Recruiter calls for visa reform to let overseas students work more

Recruiter says rules limiting work to 20 hours a week are impractical given the rapid increase in housing and other day-to-day costs

Restrictions on student visas are increasingly impractical especially in an era when employers are struggling to source staff, recruiter Excel has said.

The number of overseas students coming to Ireland from countries outside the EU, the UK, Iceland, Norway, Liechtenstein and Switzerland on the Stamp 2 visa programme has almost doubled to just under 61,000 in the past two years.

While they are allowed to work up to 40 hours a week during the summer and Christmas breaks, they are otherwise restricted to 20 hours a week and are required to show in advance that they have sufficient funds to support their stay in Ireland, where they are barred from accessing social welfare or public health services.

The funds needed – ready access to €10,000 – is a figure that has remained stagnant over the years, Excel says, with no change to reflect the soaring cost of living in the interim.

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The recruiter, which works with many clients in the hospitality and retail sector, said the rules need to be radically overhauled to ensure they are fit for purpose, especially in regard to the amount of money such students must have and the amount of time they are allowed to work outside the college holiday season. Shane McLave, a director at Excel, said there had been no comprehensive review of the rules since the visa was introduced 16 years ago, despite the radical changes in Ireland’s economy and the significant increases in Ireland’s housing, rental and other day-to-day living costs.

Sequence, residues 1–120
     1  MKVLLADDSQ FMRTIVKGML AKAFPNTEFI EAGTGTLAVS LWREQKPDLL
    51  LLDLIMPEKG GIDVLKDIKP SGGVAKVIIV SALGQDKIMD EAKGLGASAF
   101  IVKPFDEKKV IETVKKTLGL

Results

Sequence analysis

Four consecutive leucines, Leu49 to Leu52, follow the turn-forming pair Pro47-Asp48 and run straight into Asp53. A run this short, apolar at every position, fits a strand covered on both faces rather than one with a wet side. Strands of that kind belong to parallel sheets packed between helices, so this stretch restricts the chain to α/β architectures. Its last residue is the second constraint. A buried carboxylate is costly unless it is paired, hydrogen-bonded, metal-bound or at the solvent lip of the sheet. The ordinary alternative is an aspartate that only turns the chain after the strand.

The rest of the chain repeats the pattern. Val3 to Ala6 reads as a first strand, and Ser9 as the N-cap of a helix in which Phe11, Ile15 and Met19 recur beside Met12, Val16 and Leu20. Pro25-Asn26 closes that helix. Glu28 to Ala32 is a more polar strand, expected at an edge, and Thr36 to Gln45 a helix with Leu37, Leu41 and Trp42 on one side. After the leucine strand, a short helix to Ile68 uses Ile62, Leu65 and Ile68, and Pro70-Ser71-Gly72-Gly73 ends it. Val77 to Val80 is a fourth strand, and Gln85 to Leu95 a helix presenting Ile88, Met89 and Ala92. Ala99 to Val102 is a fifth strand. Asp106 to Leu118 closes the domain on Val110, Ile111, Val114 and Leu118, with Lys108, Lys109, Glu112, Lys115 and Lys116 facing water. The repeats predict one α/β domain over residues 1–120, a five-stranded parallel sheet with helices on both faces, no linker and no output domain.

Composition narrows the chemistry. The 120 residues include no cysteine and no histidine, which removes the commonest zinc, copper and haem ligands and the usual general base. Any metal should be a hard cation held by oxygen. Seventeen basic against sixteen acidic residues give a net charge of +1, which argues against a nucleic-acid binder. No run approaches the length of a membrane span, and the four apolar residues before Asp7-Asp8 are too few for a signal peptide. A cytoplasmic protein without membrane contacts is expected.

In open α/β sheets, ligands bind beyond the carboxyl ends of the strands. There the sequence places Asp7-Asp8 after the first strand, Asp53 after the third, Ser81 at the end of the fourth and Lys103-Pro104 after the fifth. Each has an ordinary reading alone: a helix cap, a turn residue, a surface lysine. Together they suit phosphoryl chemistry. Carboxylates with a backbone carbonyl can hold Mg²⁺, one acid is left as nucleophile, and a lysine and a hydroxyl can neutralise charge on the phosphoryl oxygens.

Responding recently to a Dáil question from TD Noel Grealish earlier this month, Minister for Justice Helen McEntee said that while conditions for all immigration permissions were kept “under ongoing review by my Department with all relevant stakeholders, at this time there are no plans to revise the current arrangement for students”.

And she warned that if anyone on a student visa worked more than the hours permitted, “it would amount to a breach of the conditions attached to their immigration permission”.

“By extending the 20-hour visa, international students would, if they so choose, be able to earn more income to maintain a decent standard of living while in Ireland and employers will have more access to staff,” Mr McLave said. “These students could also contribute in a big way to solving our staff shortages – if only our visa system facilitated this.

“While studying is one of the primary requirements for securing a Stamp 2 visa, the reality is that vast swathes of these visa holders need to make money to cover the cost of living in Ireland. Prohibiting these people from working more than 20 hours a week is both needlessly harmful to their own personal financial situation and to the industries that need them in the labour force,” he added.

Dominic Coyle

Dominic Coyle

Dominic Coyle is Deputy Business Editor of The Irish Times